No. in
Title Written by Storyboarded by Directed by Original air date
11"Electric Boogaloo / The Groovesicle"Greg MillerGreg Miller and Mike SternGreg Miller and Rob RenzettiSeptember 6, 2002 (2002-09-06)

Electric Boogaloo: Lenny and Denny Yogman try to trick Robot Jones into being his friend so they can steal his brain.

The Groovesicle: Robot Jones and Socks watch "The Groovesicle" on TV featuring a video by "The Lavender Fudge Experience".
22"P.U. to P.E. / Vacuum Friend"Greg MillerKevin Kaliher and Mike SternGreg MillerJuly 19, 2002 (2002-07-19)

P.U. to P.E.: Robot Jones fears taking a shower in gym class because he thinks he will rust.

Vacuum Friend: Robot Jones befriends a vacuum cleaner after thinking humans and robots cannot be friends.
33"Cube Wars / Sickness"Greg Miller, Kevin Kaliher and Mike BellKevin Kaliher and Mike BellGreg MillerJuly 26, 2002 (2002-07-26)

Cube Wars: Everyone becomes obsessed with solving their Rubik's Cubes (called Wonder Cubes on the show), but Robot Jones' superior mind allows him to solve it almost instantly. The Yogmans sabotage Robot's cube, however, and he begins to malfunction.

Sickness: The Yogmans prank Robot Jones by inserting a virus-filled floppy disk in Robot's disk drive, and he becomes very ill.
44"Parents / Embarrassment"Greg Miller, Dave Smith and Paul TibbittDave Smith and Paul TibbittGreg MillerAugust 2, 2002 (2002-08-02)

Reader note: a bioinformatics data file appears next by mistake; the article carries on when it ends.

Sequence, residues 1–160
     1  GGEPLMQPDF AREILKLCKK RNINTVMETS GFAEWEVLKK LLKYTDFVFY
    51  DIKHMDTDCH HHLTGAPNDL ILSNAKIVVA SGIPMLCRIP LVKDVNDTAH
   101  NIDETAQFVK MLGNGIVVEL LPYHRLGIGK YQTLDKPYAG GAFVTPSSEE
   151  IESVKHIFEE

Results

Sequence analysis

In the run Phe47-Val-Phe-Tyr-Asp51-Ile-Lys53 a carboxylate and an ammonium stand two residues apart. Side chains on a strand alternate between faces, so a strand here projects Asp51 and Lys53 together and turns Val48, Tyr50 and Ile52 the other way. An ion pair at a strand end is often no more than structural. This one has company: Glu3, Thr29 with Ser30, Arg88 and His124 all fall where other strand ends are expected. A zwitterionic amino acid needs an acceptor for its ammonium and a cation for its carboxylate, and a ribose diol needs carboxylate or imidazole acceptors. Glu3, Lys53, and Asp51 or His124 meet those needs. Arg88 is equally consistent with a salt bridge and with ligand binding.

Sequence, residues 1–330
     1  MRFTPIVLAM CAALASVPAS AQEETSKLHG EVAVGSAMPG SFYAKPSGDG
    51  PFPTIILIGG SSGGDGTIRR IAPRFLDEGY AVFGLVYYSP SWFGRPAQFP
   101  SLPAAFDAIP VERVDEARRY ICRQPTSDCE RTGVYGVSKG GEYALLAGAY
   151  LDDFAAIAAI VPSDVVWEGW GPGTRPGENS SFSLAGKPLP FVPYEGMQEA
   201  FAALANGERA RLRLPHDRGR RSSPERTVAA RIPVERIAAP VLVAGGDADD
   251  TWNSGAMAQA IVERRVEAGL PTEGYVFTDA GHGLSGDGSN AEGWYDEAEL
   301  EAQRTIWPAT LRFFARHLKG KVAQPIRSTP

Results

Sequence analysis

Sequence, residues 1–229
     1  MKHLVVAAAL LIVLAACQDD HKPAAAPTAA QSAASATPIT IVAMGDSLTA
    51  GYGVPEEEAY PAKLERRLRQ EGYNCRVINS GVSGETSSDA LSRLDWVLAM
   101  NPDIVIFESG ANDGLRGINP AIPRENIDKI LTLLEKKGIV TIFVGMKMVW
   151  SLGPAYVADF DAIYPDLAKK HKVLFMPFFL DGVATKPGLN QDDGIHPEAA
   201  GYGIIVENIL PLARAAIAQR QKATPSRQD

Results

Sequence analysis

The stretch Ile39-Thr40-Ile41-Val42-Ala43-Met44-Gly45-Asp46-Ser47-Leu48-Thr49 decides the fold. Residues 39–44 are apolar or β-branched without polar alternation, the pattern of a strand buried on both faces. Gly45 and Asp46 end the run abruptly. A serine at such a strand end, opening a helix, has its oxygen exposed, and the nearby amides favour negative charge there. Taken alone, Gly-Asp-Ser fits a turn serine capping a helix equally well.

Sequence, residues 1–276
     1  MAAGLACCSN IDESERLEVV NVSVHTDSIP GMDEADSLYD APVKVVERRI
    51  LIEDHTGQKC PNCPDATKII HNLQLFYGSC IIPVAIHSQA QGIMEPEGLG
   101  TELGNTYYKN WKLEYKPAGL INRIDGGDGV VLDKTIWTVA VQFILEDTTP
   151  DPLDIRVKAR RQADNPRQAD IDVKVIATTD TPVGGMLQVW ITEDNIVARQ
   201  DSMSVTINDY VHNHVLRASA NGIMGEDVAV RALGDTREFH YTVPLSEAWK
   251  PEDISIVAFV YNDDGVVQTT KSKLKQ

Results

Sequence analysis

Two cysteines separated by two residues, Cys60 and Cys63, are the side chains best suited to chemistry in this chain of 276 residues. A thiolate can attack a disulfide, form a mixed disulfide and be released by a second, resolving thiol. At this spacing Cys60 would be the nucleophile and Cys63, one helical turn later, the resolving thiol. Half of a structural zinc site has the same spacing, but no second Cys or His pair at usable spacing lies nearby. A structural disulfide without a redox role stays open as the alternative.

Parents: Robot Jones must bring his parents to parent-teacher night at the middle school. When his parents embarrass him, Robot Jones attempts to manually override them to control their behavior, but fails.

Embarrassment: Robot Jones wants to ask out Shannon to the Harvest Dance, but his nervousness causes his exhaust to malfunction whenever he gets near her.
55"Politics / Growth Spurts"Greg MillerKevin Kaliher and Mike SternGreg MillerAugust 9, 2002 (2002-08-09)

Politics: Robot Jones runs for student council president.

Growth Spurts: Robot Jones modifies himself to be tall enough to be on the basketball team.
66"Jealousy / Scantron Love"Greg Miller, Clay Morrow and Walt DohrnClay Morrow and Walt DohrnGreg MillerSeptember 13, 2002 (2002-09-13)

Jealousy: Robot Jones feels jealousy towards an android named Finkman who proves more popular with Shannon than he does.

Scantron Love: Robot pretends to love the school Scantron machine in order to get the answers for his history tests. However, things do not go as planned.

Season 2 (2003)

No. in
No. in
Title Written by Storyboarded by Directed by Original air date
71"Gender / Math Challenge"Greg Miller, Kevin Kaliher and Charlie BeanKevin Kaliher and Charlie BeanSteve SockiOctober 3, 2003 (2003-10-03)

Gender: Robot Jones struggles to understand the differences between human boys and girls, never being assigned as either (despite possibly being male).

Math Challenge: Mr. McMcMc challenges Robot Jones to a math competition to determine who is the smarter one of the two.
82"Family Vacation / Hair"Greg Miller, Clay Morrow and Chuck KleinClay Morrow and Chuck KleinSteve SockiOctober 10, 2003 (2003-10-10)